I think that it is important to come up with as many ways to help your prospective clients visualise owning your work, my theory is that this will help them to buy it! One way is to show them the size because not everyone can visualise size from a set of measurements, in fact hardly anyone can.
It is relatively simple to add images of your artworks to your web site which will show your viewers what size your paintings are.
There are several gallery web sites that do this, not enough in my opinion, and some of them get the scale wrong…which is a waste of time.
Here is how I do it:
First, I find or make an image, a person or a chair are good starting points. Most people understand what average sizes those objects are! My average person is me: 5 foot 6 inches or roughly 170 centimetres. The average chair is 3-foot-high or 90 cm and the seat part is 1 foot 6 inches, or 45 centimetres. From now on I am working in centimetres.
I make a blank page on my computer in a drawing programme, 20 x 15 cm making sure that it is 200 dpi.
Then I make a scale guide 17 x 5 cm (all I do is move the decimal point) at 200 dpi and cut and paste this onto my first page. This is my person height, I can then scale up or down my person image to fit. If everything is the same dpi it will work.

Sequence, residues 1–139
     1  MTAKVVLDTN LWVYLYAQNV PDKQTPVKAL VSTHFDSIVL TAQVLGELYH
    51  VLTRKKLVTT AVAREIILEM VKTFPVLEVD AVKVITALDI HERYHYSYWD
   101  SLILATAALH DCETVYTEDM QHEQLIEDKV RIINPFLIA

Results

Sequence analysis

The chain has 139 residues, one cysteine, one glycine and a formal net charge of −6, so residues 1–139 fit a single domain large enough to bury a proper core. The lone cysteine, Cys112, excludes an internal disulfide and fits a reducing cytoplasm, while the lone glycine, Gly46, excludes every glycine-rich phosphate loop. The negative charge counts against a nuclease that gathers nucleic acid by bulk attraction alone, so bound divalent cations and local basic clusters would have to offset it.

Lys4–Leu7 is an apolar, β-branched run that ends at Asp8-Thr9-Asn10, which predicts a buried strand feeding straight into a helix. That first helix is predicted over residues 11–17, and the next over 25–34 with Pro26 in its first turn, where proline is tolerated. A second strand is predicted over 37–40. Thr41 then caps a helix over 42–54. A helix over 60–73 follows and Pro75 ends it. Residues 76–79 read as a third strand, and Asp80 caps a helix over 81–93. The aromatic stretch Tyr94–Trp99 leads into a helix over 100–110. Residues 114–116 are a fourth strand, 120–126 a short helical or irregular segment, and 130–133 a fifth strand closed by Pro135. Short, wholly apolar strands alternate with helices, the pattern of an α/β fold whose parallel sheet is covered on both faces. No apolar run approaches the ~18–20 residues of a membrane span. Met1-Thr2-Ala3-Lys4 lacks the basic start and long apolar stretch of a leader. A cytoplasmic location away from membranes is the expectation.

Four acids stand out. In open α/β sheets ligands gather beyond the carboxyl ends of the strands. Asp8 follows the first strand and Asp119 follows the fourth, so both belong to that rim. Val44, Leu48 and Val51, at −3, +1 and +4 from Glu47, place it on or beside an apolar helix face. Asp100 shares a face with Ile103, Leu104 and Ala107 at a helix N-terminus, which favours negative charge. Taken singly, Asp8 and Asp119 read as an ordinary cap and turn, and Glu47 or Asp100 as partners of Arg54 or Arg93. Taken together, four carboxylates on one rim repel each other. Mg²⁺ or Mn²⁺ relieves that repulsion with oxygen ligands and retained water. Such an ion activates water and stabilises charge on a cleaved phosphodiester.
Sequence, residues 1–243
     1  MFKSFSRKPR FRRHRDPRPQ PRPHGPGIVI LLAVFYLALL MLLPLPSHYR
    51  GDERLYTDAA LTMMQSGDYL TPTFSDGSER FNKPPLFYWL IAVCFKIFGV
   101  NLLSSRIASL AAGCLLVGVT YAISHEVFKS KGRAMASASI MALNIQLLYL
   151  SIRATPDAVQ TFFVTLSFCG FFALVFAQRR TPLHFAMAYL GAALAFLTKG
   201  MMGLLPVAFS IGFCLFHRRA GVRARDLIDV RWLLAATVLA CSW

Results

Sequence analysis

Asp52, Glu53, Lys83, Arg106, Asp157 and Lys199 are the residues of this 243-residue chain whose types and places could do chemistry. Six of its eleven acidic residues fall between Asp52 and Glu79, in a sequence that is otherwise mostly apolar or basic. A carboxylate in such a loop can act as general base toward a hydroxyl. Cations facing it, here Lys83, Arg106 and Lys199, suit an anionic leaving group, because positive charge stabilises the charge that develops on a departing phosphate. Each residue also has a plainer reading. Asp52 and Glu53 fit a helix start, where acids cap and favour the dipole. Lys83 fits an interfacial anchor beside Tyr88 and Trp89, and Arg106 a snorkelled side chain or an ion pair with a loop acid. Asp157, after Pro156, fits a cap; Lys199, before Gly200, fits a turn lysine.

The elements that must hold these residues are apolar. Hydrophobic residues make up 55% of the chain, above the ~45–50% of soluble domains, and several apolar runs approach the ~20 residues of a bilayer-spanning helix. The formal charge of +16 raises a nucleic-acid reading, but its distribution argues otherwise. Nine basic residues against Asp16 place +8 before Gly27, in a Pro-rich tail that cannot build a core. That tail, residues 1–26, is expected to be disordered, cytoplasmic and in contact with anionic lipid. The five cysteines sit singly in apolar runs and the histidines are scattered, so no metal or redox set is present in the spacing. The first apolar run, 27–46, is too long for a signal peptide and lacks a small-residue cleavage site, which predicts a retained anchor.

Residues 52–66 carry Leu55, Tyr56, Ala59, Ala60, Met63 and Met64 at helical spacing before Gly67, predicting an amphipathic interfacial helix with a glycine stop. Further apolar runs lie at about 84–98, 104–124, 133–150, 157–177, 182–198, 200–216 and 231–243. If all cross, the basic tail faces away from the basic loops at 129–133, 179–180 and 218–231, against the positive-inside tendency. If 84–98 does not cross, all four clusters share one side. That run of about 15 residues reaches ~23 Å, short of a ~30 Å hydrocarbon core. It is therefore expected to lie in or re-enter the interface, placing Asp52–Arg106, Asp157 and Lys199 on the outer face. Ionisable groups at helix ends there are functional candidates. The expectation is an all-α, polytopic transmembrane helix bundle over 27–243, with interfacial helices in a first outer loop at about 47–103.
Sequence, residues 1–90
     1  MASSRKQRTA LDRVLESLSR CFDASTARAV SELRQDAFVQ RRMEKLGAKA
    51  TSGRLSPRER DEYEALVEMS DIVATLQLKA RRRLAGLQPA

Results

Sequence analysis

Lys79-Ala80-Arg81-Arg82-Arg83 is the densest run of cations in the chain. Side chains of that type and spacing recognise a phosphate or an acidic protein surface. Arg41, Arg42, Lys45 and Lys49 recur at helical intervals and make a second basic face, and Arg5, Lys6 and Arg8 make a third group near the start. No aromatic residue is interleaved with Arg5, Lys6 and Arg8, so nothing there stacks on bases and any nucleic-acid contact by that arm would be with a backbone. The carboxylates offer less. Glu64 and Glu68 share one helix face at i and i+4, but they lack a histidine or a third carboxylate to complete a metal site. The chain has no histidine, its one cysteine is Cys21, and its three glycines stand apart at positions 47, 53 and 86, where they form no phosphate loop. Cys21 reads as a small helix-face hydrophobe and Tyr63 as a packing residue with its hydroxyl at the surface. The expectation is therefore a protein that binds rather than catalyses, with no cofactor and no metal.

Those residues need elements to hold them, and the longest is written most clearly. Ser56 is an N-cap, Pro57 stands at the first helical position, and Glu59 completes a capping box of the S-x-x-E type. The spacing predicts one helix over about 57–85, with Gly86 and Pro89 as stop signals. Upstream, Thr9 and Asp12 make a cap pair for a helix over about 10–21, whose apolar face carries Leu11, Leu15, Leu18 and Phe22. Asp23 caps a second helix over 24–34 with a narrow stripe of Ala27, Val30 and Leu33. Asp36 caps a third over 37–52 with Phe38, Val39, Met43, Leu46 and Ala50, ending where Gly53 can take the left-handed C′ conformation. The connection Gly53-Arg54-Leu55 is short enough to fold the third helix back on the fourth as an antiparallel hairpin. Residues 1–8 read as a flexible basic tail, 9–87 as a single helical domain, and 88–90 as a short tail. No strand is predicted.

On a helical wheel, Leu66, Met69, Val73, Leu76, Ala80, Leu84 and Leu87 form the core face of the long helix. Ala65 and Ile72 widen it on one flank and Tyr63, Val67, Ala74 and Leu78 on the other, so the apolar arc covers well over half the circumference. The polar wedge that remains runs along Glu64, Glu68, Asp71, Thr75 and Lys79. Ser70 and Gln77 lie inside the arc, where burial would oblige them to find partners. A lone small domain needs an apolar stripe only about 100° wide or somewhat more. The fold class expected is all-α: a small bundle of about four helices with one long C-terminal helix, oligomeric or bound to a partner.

Once I have made my scale image I begin resizing my painting images, so , for example, a painting measuring 80 wide by 60 high I will resize (move the decimal point) to 8 x 6 cm at 200 dpi, then cut and paste into my scale image. Another measuring 13 cm wide by 18 cm high I will resize to 1.3 cm by 1.8 cm at 200 dpi, then cut and paste.
- What is Artlook. - August 2020
- Making Social Media work for You. - April 2020
- Ideas for keeping your Art Business healthy during a pandemic. - March 2020
- Keeping your Art Business Running Smoothly - February 2020
- The peculiar stress of being a self-employed artist and how to deal with it. - November 2018
- Creating Habits for Success - August 2018
- A Simple Guide to Photographing your Artwork - April 2018
- Pricing your work – consistency matters - March 2018
- A Commission Contract - January 2018
- Learn to love your website - December 2017